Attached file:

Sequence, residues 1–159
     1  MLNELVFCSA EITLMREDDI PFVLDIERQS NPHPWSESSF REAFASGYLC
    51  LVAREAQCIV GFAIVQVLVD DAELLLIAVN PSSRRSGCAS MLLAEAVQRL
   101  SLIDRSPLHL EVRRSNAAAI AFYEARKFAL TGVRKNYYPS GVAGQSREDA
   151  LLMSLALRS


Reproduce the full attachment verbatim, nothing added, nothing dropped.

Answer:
Sequence, residues 1–159
     1  MLNELVFCSA EITLMREDDI PFVLDIERQS NPHPWSESSF REAFASGYLC
    51  LVAREAQCIV GFAIVQVLVD DAELLLIAVN PSSRRSGCAS MLLAEAVQRL
   101  SLIDRSPLHL EVRRSNAAAI AFYEARKFAL TGVRKNYYPS GVAGQSREDA
   151  LLMSLALRS